Our Navy celebrates its 245th year today, Oct. 13. In its long history, its achievements have been remarkable and have embodied the virtues of innovation, fraternity, and courage.
Despite the global coronavirus pandemic, the Navy continues building ships, deploying forces in harm’s way, and advancing novel technologies that will assure its maritime leadership for years to come.
In May, the Navy used a solid-state laser from the USS Portland and shot down a drone aircraft. Like steam power, radio, and turreted main guns, lasers have the potential to revolutionize the design of future warships.
The Navy’s work on lasers (amongst other promising technologies) continues a legacy of innovation—it is taking its place among a Revolutionary War submarine, Civil War undersea mines, and modern aircraft carriers.
In fact, the USS Ford, the Navy’s newest aircraft carrier, is today conducting air intercepts off the U.S. coast and will join the fleet next year. This ship sports perhaps too many novel and cutting-edge technologies in one hull, and further demonstrates the Navy’s tireless pursuit of innovation.
Reflecting an ideal underappreciated generally, and taken for granted within the Navy, is the spirit of fraternity—selfless dedication.
This spirit has resonated in the Navy since the immortal words “Don’t give up the ship!” were uttered during the Battle of Lake Erie during the War of 1812 and during the attack on the USS Samuel B. Roberts, which was inadvertently attacked during the Iran-Iraq War.
More recently, the fraternal spirit was abundant among the crew as they worked to control damage when a fire broke out on the USS Bonhomme Richard.
In every case, and others too numerous for this article, sailors and officers routinely demonstrated a selfless regard to support others. In this respect, at the height of the COVID-19 pandemic, and with little understanding of the virus and with only days forewarning, the crews of the hospital ships USNS Mercy and USNS Comfort sailed to provide extra medical capacity to American cities fighting the virus.
In another demonstration of fraternity, it’s important not to forget the ultimate sacrifice given by Ensign Joshua Watson, Airman Mohammed Haitham, and Airman Apprentice Cameron Walters this last December, who died attempting to stop a terrorist with links to al-Qaeda at Pensacola Naval Air base.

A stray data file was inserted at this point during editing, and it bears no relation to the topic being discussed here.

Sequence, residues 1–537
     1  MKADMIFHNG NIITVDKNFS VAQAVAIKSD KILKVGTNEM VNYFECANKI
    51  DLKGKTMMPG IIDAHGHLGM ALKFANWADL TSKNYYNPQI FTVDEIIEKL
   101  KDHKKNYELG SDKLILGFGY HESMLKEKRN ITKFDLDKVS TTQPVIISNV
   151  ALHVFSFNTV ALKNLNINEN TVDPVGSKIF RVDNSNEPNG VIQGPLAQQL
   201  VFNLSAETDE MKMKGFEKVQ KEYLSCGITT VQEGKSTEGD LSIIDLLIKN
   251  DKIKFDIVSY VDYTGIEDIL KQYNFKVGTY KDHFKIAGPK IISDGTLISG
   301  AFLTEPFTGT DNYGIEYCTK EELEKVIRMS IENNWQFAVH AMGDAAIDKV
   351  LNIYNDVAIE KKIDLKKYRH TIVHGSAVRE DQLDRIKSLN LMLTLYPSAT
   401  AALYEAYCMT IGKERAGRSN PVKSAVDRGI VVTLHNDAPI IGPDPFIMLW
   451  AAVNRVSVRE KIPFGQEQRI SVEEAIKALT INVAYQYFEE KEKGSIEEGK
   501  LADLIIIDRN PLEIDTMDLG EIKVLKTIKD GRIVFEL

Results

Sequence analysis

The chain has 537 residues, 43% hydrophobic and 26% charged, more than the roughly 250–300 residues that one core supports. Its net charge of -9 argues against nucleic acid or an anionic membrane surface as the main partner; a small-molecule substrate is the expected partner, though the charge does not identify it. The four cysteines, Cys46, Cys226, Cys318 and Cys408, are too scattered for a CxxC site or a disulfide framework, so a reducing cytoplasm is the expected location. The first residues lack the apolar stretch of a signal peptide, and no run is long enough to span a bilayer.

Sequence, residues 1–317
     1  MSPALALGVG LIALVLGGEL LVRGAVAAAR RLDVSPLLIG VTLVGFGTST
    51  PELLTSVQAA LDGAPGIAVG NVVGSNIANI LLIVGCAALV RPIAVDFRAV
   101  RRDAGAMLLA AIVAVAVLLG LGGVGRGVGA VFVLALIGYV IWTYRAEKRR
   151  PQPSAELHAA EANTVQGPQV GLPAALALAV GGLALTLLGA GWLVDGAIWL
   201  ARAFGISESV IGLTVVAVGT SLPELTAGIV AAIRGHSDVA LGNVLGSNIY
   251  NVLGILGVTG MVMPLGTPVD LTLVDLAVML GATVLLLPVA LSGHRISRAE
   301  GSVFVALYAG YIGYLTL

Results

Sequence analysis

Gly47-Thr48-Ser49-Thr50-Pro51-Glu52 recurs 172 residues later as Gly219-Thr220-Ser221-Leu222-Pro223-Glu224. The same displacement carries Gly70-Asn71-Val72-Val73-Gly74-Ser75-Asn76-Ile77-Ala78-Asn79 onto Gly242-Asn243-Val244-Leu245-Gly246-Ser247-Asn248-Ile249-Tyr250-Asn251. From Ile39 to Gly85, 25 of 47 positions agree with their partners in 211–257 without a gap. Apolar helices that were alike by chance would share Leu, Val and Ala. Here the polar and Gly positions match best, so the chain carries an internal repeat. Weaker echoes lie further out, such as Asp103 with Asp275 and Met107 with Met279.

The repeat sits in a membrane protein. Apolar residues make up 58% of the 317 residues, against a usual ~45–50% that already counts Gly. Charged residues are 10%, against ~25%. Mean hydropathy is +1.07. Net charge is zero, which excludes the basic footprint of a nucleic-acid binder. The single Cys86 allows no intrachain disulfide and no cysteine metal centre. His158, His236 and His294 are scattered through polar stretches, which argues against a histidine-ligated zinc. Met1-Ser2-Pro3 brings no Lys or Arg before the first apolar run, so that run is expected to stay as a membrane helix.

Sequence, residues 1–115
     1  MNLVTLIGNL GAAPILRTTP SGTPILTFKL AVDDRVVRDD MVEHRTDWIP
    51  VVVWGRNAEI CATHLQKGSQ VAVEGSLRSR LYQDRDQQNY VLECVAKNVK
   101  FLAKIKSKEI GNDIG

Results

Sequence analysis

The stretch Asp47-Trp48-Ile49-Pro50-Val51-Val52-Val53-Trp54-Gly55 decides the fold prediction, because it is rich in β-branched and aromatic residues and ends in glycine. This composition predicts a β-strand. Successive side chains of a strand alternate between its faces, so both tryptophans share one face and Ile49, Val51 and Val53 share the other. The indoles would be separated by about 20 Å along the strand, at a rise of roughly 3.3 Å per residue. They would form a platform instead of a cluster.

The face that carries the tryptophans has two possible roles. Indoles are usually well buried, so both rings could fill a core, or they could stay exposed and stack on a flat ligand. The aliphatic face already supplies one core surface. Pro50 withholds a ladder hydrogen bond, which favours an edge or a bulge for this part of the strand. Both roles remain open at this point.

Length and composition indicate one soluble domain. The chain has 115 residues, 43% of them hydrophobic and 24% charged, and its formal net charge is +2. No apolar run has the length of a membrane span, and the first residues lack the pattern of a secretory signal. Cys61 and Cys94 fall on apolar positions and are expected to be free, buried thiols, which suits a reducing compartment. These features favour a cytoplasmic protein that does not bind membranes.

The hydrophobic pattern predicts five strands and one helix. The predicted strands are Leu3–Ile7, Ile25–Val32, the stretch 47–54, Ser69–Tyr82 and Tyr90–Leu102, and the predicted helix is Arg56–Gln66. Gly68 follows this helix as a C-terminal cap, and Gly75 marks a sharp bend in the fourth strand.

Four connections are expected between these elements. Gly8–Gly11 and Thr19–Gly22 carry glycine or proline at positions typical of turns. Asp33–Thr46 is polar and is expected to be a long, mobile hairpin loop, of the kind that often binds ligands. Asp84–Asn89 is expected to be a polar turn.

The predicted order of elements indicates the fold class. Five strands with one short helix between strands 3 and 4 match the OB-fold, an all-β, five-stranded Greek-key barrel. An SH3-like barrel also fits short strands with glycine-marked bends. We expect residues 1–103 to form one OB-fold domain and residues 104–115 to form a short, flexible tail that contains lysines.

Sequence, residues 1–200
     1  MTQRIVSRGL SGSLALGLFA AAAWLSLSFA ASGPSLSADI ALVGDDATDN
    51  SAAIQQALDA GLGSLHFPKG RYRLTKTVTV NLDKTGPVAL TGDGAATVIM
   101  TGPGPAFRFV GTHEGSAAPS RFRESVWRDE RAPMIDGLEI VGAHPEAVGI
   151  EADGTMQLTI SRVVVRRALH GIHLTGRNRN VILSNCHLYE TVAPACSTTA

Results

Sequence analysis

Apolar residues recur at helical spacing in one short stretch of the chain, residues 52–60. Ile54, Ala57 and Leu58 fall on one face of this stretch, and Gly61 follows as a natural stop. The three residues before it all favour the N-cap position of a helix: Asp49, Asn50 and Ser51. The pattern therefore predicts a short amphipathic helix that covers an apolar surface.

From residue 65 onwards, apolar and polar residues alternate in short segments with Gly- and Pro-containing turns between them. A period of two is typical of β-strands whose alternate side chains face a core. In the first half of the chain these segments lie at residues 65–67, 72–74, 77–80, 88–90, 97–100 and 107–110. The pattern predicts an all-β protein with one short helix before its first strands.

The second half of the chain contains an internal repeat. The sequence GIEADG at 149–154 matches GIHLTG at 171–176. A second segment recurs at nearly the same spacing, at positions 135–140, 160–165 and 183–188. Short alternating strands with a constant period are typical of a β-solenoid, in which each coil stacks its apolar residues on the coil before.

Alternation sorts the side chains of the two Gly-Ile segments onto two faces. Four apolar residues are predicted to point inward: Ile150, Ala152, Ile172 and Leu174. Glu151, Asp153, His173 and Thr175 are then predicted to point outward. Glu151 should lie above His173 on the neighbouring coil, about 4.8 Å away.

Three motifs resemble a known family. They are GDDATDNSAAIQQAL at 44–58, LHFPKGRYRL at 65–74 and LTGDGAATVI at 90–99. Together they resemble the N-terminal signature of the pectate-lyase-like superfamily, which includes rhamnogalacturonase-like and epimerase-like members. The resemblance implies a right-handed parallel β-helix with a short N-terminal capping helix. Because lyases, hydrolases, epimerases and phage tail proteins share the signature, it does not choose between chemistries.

At that same scene, selfless acts were not uncommon, as Airman Ryan Blackwell (shot five times shielding fellow sailors), Marine Corps Gunnery Sgt. Ryan Masel, and Staff Sgt. Samuel Mullins saved countless lives that day.
During this era of great power competition, courage in executing routine missions from the mundane to the frightening all weigh heavily on this nation’s continued security and prosperity. Against competitors Russia and China, who seek any advantage at our Navy’s expense or reputation, our sailors and officers are challenged and perform exemplary every day.
Amid crises and rising tensions at several hot spots these last 12 months, conflict has not broken out. This is remarkable, given the last year has been especially fraught—months of riots in Hong Kong, reelection of leaders in Taiwan held in contempt by Beijing, and trade disputes that have led to U.S.-Chinese relations dropping to historic lows.
Into this crucible, the Navy began a series of deployments in the South China Sea, signaling our commitment to freedom of navigation and our partner nations, as well as our willingness to operate well within the reach of the Chinese military.
In the Eastern Mediterranean in March, the USS Dwight D. Eisenhower and France’s Charles de Gaulle conducted dual aircraft carrier operations. These operations were conducted in a region gripped by tensions between two NATO allies, Greece and Turkey, over a maritime dispute, not to mentioned Russia’s continued presence—which is prolonging conflict in Syria—and unrest in Lebanon.
At each of these hot spots, the Navy has been present and in force acting to dissuade bad actors intent on conflict and destroying the rules-based order. Critical to this success has been the demeanor, good judgement, and tenacity of the Navy’s sailors and officers standing watch at sea.
On Oct. 7, Secretary of the Navy Kenneth Braithwaite took an action that is significant, and perhaps underappreciated outside of the Navy, when he chose the name “USS Constellation” for the first of a new class of frigate. Amongst sailors and naval scholars accustomed to the sometimes politicized naming of ships, the name is refreshing and draws attention to founding principles.
The first USS Constellation entered service in 1797. It incorporated innovations that in its day outclassed all other ships of its size. Braithwaite’s decision reminds us that the purpose of the Navy is to secure American interests overseas, as the original ship did against the Barbary pirates, intercepting slave traders and safeguarding U.S. whalers off the coast of Peru during its revolt against Spain.
Echoing the birthday message of Adm. Michael M. Gilday, the chief of naval operations, the secretary’s action helps to draw attention to the rich history and strong service culture of the nation’s Navy as we look forward.
Amid internal challenges and threats abroad, as the Navy confidently sails ahead to another birthday, it is perhaps fitting to quote America’s first naval hero, John Paul Jones: “I have not yet begun to fight!”